Chinese police chief 'sacked over mistress twins'

File photo: China money Mr Qi allegedly charged rent from an expensive apartment to the police bureau

Related Stories

A police chief in China accused of keeping twin sisters as mistresses has been sacked, state media report.

The allegations against Wusu City police chief Qi Fang - including claims he gave his two mistresses police jobs - emerged online last week.

He was removed from his post on Saturday and is being investigated, Xinhua news agency quoted local party officials as saying.

He is the latest official to come under internet scrutiny over his behaviour.

The allegations against Mr Qi first appeared on a popular website in Xinjiang province, home to Wusu City, accompanied by a photo showing the scantily-clad mistresses in bed, Xinhua said.

The report on the website said Mr Qi had used his position to find jobs for his mistresses in the police force, the news agency added.

One of the women worked as a special operations officer while the other worked in the traffic department, according to other online reports.

The website also said that Mr Qi rented an expensive apartment for the sisters and charged the rent as an official expense.

A local party official was quoted by Xinhua as saying that while "part of the online allegations" were true, many details "remain unverified".

In recent months a number of Chinese officials have been investigated after allegations against them emerged on the internet, amid growing public anger over the perceived lavish lifestyles of some officials.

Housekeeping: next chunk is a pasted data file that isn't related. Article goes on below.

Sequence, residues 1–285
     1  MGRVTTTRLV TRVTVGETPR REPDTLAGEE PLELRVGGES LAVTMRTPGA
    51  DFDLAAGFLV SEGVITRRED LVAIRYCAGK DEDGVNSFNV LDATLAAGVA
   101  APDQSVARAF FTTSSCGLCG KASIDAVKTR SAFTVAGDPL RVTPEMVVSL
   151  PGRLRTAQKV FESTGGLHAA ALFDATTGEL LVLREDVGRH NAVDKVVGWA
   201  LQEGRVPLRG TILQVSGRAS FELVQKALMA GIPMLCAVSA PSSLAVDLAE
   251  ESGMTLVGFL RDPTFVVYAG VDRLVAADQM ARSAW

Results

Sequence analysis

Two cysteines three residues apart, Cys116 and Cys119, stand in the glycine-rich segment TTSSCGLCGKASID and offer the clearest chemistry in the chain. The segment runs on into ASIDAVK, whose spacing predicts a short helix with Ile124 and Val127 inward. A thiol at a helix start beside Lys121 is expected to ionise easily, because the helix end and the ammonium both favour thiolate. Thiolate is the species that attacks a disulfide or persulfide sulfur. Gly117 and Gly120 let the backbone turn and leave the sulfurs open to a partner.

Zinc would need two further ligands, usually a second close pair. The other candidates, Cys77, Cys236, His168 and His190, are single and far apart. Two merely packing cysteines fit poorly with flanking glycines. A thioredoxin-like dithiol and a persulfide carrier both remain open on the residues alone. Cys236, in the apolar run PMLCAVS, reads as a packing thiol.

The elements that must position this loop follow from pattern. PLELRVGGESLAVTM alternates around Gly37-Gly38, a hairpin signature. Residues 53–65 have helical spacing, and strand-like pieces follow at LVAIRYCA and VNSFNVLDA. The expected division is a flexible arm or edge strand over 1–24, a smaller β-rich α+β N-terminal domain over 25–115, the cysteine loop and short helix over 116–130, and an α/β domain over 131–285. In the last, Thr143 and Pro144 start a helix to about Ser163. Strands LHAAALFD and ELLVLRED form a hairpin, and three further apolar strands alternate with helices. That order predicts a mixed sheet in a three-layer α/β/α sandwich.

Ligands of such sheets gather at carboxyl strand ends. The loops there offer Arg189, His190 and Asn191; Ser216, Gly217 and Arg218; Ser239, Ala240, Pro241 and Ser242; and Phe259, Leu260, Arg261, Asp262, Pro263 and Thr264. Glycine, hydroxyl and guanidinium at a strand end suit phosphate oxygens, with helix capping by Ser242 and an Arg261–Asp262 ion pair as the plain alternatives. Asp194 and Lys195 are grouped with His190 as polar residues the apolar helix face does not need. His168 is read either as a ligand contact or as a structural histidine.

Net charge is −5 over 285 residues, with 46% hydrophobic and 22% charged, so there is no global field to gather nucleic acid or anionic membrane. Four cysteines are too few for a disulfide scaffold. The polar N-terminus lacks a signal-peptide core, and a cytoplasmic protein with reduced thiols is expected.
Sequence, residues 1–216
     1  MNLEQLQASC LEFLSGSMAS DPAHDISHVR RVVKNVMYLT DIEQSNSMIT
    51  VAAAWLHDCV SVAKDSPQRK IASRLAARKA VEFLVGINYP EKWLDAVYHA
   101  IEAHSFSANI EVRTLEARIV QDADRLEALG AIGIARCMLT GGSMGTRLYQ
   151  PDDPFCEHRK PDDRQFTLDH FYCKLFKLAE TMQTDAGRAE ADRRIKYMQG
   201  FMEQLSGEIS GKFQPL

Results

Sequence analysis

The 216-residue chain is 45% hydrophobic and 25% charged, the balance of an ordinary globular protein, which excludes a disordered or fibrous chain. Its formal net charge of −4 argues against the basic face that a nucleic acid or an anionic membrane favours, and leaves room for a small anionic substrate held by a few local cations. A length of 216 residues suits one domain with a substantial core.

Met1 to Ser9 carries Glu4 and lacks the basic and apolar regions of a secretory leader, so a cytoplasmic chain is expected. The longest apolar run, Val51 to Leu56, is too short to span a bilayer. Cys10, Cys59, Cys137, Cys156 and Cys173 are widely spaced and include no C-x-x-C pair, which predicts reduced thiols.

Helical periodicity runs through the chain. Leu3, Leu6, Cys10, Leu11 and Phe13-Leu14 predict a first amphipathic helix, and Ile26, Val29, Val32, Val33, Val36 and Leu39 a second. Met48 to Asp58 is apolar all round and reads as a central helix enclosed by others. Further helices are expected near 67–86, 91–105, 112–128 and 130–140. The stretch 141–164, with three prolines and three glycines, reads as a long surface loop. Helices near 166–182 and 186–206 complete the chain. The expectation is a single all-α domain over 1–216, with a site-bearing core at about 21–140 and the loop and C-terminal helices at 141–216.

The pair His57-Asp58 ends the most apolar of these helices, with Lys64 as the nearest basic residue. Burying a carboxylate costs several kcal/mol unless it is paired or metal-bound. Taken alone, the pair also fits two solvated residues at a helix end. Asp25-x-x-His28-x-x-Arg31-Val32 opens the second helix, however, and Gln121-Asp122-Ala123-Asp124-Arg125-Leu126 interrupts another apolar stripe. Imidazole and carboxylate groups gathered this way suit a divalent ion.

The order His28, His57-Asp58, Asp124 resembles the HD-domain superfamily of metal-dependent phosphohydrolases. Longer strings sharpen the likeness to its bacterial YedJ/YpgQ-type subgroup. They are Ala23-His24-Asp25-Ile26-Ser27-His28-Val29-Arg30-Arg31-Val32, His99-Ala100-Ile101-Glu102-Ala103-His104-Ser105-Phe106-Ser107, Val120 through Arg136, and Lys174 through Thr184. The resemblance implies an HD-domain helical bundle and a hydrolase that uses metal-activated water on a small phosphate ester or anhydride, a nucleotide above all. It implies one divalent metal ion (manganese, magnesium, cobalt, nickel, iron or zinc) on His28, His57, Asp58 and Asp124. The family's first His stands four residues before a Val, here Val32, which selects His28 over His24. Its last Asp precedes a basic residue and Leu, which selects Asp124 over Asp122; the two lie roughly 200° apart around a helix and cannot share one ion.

Chongqing district-level official Lei Zhenfu was sacked last month after a video showing him having sex with an 18-year-old was released by a whistle-blower. The sex tapes were linked to a blackmail scheme involving corruption, reports said.

A safety official in Shaanxi province whose luxury watch collection caught the attention of internet users was stripped of his official duties after an investigation.

In his inaugural speech on 15 November, Xi Jinping, the new head of the Communist Party, said battling corruption was a top priority. In subsequent speeches he called it something that could "kill the party and ruin the country".

More on This Story

Related Stories

More China stories


Features & Analysis

  • Woman in swimming pool Green stuff

    The element that makes a familiar smell when mixed with urine

  • Plane at Shannon airportShannon's call

    The airport that hosted a roll-call of presidents

  • Record playing on turntableVinyl destination

    The eight tribes of people who keep buying records

  • The Duke and Duchess of Cambridge at RAAF Amberley airbase near Brisbane on 19 AprilIn pictures

    Fighter jets and screaming crowds for William and Kate

Elsewhere on the BBC

  • ITChild's play

    It's never been easier for small businesses to get their message out to the world


  • Tuna and avacadoThe Travel Show Watch

    Is Tokyo set to become the world's gourmet capital?

BBC © 2014 The BBC is not responsible for the content of external sites. Read more.

This page is best viewed in an up-to-date web browser with style sheets (CSS) enabled. While you will be able to view the content of this page in your current browser, you will not be able to get the full visual experience. Please consider upgrading your browser software or enabling style sheets (CSS) if you are able to do so.